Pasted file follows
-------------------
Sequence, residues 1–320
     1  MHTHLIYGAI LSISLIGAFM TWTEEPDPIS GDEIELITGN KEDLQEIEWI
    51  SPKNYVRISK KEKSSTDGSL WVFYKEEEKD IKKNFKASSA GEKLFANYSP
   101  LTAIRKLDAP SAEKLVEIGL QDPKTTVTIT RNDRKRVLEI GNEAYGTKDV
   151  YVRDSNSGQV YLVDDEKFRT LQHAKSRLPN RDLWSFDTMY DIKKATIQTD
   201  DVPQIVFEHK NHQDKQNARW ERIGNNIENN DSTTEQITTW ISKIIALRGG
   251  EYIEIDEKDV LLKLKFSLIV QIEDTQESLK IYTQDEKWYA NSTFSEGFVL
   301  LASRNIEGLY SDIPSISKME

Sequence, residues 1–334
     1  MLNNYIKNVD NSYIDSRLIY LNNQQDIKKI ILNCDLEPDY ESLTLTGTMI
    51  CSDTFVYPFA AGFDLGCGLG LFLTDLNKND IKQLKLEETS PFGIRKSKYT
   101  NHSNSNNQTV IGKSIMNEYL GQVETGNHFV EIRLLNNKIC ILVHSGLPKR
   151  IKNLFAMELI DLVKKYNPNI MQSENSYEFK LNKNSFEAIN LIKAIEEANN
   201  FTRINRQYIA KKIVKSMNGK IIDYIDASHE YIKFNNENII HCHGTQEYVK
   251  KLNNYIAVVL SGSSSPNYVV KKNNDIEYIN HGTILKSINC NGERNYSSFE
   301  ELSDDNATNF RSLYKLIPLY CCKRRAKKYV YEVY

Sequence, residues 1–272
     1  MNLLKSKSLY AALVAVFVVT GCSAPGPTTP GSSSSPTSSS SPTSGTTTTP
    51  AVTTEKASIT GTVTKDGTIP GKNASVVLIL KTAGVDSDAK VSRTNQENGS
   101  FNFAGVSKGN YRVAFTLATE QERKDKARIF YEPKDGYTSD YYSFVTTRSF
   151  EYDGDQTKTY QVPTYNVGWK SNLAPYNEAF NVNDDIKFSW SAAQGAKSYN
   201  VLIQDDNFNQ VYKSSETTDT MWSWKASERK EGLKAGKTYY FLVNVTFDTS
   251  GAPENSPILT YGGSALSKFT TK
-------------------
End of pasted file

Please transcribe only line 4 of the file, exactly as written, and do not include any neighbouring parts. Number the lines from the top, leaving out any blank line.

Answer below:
   101  LTAIRKLDAP SAEKLVEIGL QDPKTTVTIT RNDRKRVLEI GNEAYGTKDV